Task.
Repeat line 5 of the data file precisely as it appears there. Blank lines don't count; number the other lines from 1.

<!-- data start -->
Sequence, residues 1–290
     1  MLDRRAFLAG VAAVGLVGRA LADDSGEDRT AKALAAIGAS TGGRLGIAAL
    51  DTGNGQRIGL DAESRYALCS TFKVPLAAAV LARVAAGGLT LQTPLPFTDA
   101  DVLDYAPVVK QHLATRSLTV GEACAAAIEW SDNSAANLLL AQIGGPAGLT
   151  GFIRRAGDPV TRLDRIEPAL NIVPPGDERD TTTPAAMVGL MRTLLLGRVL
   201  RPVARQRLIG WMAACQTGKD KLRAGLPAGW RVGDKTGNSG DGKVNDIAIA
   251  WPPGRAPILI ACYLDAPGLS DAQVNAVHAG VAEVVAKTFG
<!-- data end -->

   151  GFIRRAGDPV TRLDRIEPAL NIVPPGDERD TTTPAAMVGL MRTLLLGRVL